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Cor ad Cor Loquitur?

October 11, 2019

In two days time, Blessed John Henry Newman will join the ranks of those recognised by the Church as having attained sanctity. If it has not already started, the deluge of freshly printed copies of his works, and those of Newman Scholars, is imminent.  There will also be documentaries and mini-series with presentations of Newman, the man, the academic, the scholar, the theologian.

 

But does the inevitable dissemination of information obscure the man? Is there a risk that we lose sight of one fundamental fact: Newman was a man searching for truth.   There is no denying the fact that his pursuit of truth- whilst securing him recognition today- was, on the lead up to and following his conversion, the cause of his greatest trials, tribulations and torments.

 


Behind the academic writings, the sermons, the tracts, and other works, he was a man who sacrificed all that Victorian Society held to be of importance: friendship,  recognition, status, and acceptance. In short: he suffered the the judgment of those whom he had previously held in high esteem. 

 
In the Church's affirmation of sanctity in the form of canonisation, there is the inevitable risk that the difficulties and sacrifices (not to mention ecclesial mistreatment) and humanity of the candidate are papered over. In consequence, many will receive Newman as a rather inaccessible, erudite academic; content to confine himself to the compilation of profound works to be read by the few. Such a depiction would, however, do Newman a grave injustice. Having identified that which he - in faith - believed to be true, he was not of a mind to stand by and witness its distortion, or, disfigurement.   It was in obedience to the truth that he had the conviction to prevent the transmission of doctrinal error. In one article to The Times he observed:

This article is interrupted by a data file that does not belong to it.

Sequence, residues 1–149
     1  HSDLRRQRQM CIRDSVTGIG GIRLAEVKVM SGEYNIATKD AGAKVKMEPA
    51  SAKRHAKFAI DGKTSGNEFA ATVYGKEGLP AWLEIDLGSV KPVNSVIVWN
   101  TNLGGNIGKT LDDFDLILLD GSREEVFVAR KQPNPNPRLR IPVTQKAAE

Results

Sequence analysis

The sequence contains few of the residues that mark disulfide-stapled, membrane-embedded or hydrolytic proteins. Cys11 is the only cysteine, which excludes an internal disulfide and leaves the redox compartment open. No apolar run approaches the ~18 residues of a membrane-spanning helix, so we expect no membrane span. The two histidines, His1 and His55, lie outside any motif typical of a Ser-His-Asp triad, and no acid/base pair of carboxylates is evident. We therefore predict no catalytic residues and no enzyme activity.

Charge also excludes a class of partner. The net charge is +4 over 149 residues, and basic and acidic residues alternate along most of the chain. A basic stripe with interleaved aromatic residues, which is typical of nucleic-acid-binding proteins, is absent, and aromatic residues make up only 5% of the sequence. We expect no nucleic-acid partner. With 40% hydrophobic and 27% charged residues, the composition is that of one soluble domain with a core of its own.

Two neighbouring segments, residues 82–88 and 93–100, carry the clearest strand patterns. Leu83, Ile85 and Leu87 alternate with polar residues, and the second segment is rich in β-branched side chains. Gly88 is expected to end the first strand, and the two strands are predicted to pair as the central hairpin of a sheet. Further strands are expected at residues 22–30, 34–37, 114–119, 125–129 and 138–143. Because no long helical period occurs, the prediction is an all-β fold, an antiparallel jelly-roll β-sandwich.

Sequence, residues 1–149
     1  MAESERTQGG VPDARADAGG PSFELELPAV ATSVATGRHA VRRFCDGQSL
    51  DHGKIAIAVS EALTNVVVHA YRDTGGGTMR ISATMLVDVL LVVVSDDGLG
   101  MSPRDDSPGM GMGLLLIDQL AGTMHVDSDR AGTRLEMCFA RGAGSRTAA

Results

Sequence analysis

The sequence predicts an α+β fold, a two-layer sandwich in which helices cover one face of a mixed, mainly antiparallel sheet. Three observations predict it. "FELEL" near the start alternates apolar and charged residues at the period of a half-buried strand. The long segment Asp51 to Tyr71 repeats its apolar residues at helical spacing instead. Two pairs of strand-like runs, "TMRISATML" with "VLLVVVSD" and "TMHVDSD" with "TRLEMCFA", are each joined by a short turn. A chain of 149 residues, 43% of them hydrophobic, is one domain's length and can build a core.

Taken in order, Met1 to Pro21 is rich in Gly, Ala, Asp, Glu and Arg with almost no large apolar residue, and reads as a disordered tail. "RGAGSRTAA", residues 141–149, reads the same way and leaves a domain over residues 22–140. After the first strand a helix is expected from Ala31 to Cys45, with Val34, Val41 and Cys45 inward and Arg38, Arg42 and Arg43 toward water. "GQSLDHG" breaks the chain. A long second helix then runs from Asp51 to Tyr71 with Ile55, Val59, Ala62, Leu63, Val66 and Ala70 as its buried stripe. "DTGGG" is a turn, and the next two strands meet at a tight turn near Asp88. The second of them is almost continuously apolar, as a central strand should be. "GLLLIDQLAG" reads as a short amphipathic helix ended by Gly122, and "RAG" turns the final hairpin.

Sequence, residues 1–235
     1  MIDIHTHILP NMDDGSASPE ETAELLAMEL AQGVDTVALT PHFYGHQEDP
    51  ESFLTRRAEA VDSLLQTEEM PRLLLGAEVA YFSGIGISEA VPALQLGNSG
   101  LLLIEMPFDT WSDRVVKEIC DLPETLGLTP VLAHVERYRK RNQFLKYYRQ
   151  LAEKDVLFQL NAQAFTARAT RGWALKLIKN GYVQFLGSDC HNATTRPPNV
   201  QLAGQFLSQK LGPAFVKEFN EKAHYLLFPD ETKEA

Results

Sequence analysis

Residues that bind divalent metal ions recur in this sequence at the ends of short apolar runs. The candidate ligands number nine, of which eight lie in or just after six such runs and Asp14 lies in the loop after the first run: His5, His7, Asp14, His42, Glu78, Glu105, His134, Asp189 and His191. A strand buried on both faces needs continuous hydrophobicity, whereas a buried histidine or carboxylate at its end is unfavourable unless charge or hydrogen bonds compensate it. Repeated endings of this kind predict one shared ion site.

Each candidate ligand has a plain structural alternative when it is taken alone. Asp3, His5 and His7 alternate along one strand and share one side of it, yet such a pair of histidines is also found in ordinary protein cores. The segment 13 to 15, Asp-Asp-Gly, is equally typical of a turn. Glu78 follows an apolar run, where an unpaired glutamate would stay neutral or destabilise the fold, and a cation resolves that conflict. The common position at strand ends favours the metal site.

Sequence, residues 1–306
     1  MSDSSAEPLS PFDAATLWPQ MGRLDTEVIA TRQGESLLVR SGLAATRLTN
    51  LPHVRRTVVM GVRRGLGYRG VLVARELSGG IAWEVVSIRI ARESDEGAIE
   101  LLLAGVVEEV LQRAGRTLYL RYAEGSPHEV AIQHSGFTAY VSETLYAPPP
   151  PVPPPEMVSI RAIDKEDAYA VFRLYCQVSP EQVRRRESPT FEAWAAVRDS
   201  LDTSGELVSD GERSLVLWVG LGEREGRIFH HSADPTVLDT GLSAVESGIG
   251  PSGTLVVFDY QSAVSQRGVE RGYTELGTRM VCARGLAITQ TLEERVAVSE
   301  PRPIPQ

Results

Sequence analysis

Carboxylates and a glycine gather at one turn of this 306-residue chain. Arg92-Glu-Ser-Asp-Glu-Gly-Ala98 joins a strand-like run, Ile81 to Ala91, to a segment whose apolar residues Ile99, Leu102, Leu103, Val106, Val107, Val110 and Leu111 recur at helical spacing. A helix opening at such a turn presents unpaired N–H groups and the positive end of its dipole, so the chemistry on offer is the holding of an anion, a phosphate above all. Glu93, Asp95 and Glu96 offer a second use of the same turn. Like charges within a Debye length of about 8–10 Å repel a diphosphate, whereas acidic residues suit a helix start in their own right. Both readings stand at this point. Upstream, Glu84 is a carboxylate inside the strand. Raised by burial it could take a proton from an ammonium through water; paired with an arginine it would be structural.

"No Pope can make evil good. No Pope has any power over those eternal moral principles which God has imprinted on our hearts and consciences...Craft and cruelty ...eventually strike the heads of those who are guilty of them..."


The great Newman Scholar, Ian Kerr, has classified this statement as both "eloquent and unequivocal".   Many will recognise Newman's observation as one which withstands the test of time. Remarkably free of victorian ornamentation, it is expressed in a manner which is as direct as it is unflinching.  Some may take the view that in our own times, it is worthy of renewed contemplation.  Perhaps, as we ponder what lies ahead for the Church, we might also call to mind his counsel: 

 

"error cannot last, and light will come after the darkness..."

 

Lead Kindly Light, indeed. 

 

 

 

 

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